Continuing further east into Piedmont, there are plenty of attractions to keep you in Italy, not least the spectacular roads and scenery surrounding Lake Maggiore, but it’s inevitable that you’re going to nip over into Switzerland at least once to check out one or more of the famous Alpine passes such as the Simplon or Gotthard.
Heading back to Mont Blanc and riding south from Valle d’Aosta, you’ll find that the Alps form a continuous and formidable barrier right down to the Mediterranean coast with the next major crossing being the Cenis Pass (Col du Mont Cenis) at 2,083m. Historically, the route was an important trading path, and by 1810 Napoleon had built a road over the pass.
The Cenis Pass is also our recommended route for avoiding the expensive Fréjus Road Tunnel, which connects Modane in France to Bardonecchia in Italy – see the next page on the Colle del Sommeiller for more information on Bardonecchia.
South of Bardonecchia, right down to within sight of the Mediterranean, both the road touring and off-road adventure riding is superb and it’s almost inevitable that you’ll find yourself crossing into France riding one of the major or minor passes or when checking out the old military roads.
These military roads were constructed to serve fort and gun positions along the high Alpine ridges of the French/ Italian border. Most are unpaved and quite a few are off limits to motorised vehicles and in disrepair, but there are still plenty of them that are open to, and accessible by, motorcycle.
Our favourite spot for riding military roads is just to the south of Cuneo on the old road cresting the Col de Tende. Whilst these trails make for spectacular riding, be warned that you’re a long way from help, and even a telephone signal, should you have problems on these off-road trails.
If you ever tire of the fantastic mountain roads in the northwest, then a visit to Turin is rewarded with numerous art galleries, palaces, opera houses, parks, gardens and classic architecture.
Alternatively, a ride down the old Mediterranean coastal road from the border with Monaco to the Cinque Terre peninsula near La Spezia is worth a blast. Whilst it’s a busy route in summer, it makes for a great 186-mile tour of the Italian Riviera and the spectacular coastal villages of the Cinque Terre are not to be missed.
High passes in north-west Italy you must ride:
Col du Nivolet (2,641m) – Near Ceresole Reale and the scene of the bus crash in the Italian Job.
Colle Fauniera (2481m) – Near Marmora, the pass is also known as ‘The Pass of the Dead’ due to the fierce fighting that was seen here between the Franco-Spanish and Piedmontese troops in the 17th century.
Col de la Lombarde (2350m) – Near Vinadio in the Maritime Alps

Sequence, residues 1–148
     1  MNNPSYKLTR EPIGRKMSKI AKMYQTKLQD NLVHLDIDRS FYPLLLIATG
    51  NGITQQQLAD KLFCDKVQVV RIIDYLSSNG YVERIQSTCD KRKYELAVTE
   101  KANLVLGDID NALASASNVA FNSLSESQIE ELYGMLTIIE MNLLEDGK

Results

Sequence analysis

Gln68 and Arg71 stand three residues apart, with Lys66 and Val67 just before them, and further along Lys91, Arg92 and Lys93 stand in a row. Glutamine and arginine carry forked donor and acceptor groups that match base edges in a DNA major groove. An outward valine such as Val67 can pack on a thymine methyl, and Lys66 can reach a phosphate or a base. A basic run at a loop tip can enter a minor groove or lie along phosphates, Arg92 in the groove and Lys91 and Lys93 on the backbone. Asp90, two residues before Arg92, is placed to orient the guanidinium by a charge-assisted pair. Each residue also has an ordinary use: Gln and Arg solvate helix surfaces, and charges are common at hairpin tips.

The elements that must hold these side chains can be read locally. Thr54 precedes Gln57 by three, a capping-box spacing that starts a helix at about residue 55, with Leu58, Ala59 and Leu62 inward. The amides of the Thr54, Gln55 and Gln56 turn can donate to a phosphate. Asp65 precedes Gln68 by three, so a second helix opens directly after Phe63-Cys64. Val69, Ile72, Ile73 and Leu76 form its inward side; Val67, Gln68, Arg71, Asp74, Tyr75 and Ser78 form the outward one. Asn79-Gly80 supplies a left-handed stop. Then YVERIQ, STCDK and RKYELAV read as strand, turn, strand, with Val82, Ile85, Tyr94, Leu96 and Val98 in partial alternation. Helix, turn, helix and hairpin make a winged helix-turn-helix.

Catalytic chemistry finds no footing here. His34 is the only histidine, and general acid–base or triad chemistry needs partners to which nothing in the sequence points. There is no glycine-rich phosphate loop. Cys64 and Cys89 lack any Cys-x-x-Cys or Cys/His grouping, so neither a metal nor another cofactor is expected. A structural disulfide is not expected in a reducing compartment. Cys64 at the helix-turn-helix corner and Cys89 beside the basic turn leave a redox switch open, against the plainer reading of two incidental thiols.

Highlight: Colle del Sommeiller
The Italian Alpine town of Bardonecchia is famous in motorcycle circles for two reasons; it’s the venue of the famous Stella Alpina (Stella Alpina Motociclistica Internazionale ) adventure rally and the 17-mile long trail to the 2,993m-high Colle del Sommeiller. There are higher trails in the Alps, but most are now closed off to motorised vehicles or a lot more difficult to ride.
The rally and the colle are intrinsically linked. Socialising aside, the objective and main focal point of the rally is to ride as high as is safely possible up the Colle del Sommeiller, a gravel mountain pass that tops out at 2,993m above sea level.
Due to the altitude, it is not uncommon for late lying snow to hamper the efforts of those who attempt it, at which point the ride is considered to be ‘done’ at a lower altitude before things get too dangerous.
Speaking of which, I’ve attempted the ride up the Colle del Sommeiller on three occasions and it was only the last time, in the making of this guide and accompanying video, that the conditions allowed a successful summit.
On both previous occasions, the snow level was below the colle and far too extensive in cover and soft in composition to reach the fabled summit. At a guess, I reckon we got to within 100 vertical metres of the summit on both prior occasions and thoroughly enjoyed the ride.
From Bardonecchia, the route up the Colle del Sommeiller follows a narrow, twisty tarmac road to the small village of Rochemolles. There, the tarmac ends and the gravel trail begins with a series of zig-zags before levelling out alongside the Lago di Rochemolles lake and dam.
The trail carries on to the head of the valley and the Rifugio Scarfiotti which is open during the summer months and offers good food and welcome refreshments. From the refuge, the fun begins with a series of steep zig-zags carved into the mountainside which leads onto a higher plateau.
Whilst the ride to the refuge is considered non-technical and easy enough for the vast majority of riders, even those on road bikes, the series of hairpins above can be a little daunting for the less experienced. Many rally-goers are more than content to call it a day at the refuge and watch the spectacle unfold up above.
There is little in the way of technical difficulty above the hut, but the zig zags are very tight, steep and covered in gravel and loose stone, and you’ll need to be comfortable riding along a narrow, single-track trail with steep drop-offs alongside.